St. Francis Medical Center Highlights Its ICU Compassionate Listener Program at 2019 PFCC Conference
Feb 22, 2019 | St. Francis News
St. Francis Medical Center was among the notable session presenters at the 2019 Patient and Family Centered Care (PFCC) Conference on Feb. 4 in Long Beach. St. Francis Medical Center’s featured speakers included Gina Dalrymple, RN, PHN, MSN-BC, ICU Clinical Manager, and Alice Gunderson and Santiago Ortega, Patient and Family Advisory Council (PFAC) Leads. They were supported by hospital representatives Irena Zuanic, MSN, RN, MEA-BC, Associate Chief Nursing Officer; Michelle Bogarin, Patient Satisfaction Coordinator; Jeff Barrinuevo, RN, CCRN, TNCC, ICU Clinical Supervisor; and Paulette Bradley and Maria Carrillo, members of the St. Francis Patient and Family Advisory Council.
Gina, Alice, and Santiago led the breakout session, “Expanding the Hospital’s Compassionate Listener Program, a PFAC-driven project.” As detailed in the PFCC Conference agenda, “The ICU Compassionate Listener Program was started six years ago at St. Francis Medical Center as the result of a family member’s lived experience with his son in the ICU following trauma, and partnership with hospital administration. The program has grown to expand the number of Compassionate Listeners using the hospital’s adult volunteer pool.”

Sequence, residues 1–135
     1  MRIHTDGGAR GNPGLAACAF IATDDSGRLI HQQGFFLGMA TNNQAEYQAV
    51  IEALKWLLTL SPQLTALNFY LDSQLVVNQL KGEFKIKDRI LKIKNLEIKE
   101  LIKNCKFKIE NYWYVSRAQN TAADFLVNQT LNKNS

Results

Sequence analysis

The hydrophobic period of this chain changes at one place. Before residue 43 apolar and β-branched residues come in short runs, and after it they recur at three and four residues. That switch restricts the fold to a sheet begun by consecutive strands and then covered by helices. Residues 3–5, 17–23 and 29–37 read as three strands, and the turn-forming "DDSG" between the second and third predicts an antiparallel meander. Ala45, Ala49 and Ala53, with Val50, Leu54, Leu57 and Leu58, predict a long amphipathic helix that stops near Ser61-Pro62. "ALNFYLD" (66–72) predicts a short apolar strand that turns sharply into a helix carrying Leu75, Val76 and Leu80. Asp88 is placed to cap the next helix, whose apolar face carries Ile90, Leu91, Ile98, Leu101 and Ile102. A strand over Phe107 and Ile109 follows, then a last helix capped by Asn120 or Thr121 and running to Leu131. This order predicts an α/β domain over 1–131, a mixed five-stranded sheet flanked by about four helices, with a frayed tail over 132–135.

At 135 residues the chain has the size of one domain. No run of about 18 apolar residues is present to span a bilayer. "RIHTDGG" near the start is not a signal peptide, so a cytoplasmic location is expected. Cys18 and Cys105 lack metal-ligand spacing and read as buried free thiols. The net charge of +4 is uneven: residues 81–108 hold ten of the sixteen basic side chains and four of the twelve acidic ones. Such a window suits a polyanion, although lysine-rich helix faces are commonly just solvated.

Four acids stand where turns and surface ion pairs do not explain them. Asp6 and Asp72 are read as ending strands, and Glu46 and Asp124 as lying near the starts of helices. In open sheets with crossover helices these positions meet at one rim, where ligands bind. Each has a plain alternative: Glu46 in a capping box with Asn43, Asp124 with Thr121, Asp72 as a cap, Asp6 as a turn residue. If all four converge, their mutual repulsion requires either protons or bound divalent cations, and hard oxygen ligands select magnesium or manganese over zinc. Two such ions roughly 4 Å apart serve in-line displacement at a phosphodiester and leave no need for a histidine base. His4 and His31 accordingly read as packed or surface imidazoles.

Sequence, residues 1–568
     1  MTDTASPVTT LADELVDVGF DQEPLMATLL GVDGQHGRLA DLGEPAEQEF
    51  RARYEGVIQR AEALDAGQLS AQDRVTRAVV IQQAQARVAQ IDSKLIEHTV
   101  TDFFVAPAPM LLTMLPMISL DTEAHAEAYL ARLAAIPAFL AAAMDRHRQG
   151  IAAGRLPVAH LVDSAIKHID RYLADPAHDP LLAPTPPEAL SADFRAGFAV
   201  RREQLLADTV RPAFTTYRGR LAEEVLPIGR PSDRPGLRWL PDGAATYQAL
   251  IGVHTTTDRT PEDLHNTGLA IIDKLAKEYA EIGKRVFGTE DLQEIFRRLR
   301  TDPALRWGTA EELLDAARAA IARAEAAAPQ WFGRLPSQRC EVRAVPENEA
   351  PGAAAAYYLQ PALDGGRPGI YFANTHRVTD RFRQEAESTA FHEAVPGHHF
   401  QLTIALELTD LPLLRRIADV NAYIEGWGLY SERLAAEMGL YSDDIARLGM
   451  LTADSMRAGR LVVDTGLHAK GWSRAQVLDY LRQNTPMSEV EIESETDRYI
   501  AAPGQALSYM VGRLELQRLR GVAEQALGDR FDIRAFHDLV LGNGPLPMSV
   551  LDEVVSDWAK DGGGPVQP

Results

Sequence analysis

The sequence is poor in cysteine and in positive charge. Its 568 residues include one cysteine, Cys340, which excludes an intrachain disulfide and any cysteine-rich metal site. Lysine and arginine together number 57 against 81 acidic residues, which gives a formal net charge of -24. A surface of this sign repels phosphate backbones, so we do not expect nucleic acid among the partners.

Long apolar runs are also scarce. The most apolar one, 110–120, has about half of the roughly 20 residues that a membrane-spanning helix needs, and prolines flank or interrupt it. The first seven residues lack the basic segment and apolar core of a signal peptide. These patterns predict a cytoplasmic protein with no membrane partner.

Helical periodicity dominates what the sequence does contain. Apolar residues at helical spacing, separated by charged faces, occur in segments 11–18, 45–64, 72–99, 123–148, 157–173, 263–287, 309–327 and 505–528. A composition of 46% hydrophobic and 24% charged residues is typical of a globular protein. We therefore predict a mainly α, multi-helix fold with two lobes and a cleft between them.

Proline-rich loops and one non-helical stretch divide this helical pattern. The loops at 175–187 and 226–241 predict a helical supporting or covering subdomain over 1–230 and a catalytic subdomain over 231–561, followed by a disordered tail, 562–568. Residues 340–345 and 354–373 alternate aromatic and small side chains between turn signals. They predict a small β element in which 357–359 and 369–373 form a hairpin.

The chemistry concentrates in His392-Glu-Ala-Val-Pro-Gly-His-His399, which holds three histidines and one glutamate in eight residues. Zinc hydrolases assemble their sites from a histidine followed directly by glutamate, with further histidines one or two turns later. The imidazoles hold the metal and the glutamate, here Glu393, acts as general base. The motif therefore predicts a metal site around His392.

That family member was Santiago Ortega. He shared how his son’s traumatic injury and hospitalization taught him the importance of being an active partner in his son’s care. From his experience, he worked with hospital leadership to develop the ICU Compassionate Listener Program. The program encourages and empowers family members to be involved in their loved one’s care. As the program lead, Santiago volunteers regularly to work with the families of patients who are in the ICU. He engages families with his skills of listening, compassionate service, empowerment, and advocacy. He encourages them to ask questions to obtain the information they need to understand their loved one’s condition and treatment. He liaises between family, medical staff and nurses to build strong therapeutic relationships, and addresses concerns as they arise.
Gina explained how this program has helped to overcome factors that can be barriers to communication for patients and family members, such as medical terminology, language, fear and exhaustion. Since implementing the program, she has seen how the program is creating a more patient and family centered environment in which patients can get well and heal. Alice outlined how PFAC-driven projects such as the ICU Compassionate Listener Program can begin with one person’s experience and vision and grow to involve nurses, doctors, and the full facility, and result in positively touching countless patients’ and family members’ lives.
Conference organizers said that this year’s event was truly inspired. They said that St. Francis Medical Center and the other session presenters sparked “new ideas of what is possible when we bring together the expertise of health care professionals with the experience of patients and families.”